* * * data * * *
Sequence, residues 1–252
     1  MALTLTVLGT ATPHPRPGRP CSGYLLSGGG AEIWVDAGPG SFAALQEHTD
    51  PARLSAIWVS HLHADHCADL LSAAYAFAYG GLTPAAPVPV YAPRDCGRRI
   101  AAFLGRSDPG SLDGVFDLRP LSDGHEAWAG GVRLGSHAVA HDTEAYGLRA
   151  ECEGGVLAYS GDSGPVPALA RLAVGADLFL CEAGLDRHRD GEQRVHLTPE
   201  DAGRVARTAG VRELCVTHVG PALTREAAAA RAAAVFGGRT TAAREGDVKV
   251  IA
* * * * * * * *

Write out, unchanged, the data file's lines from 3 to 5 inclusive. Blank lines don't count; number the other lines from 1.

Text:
    51  PARLSAIWVS HLHADHCADL LSAAYAFAYG GLTPAAPVPV YAPRDCGRRI
   101  AAFLGRSDPG SLDGVFDLRP LSDGHEAWAG GVRLGSHAVA HDTEAYGLRA
   151  ECEGGVLAYS GDSGPVPALA RLAVGADLFL CEAGLDRHRD GEQRVHLTPE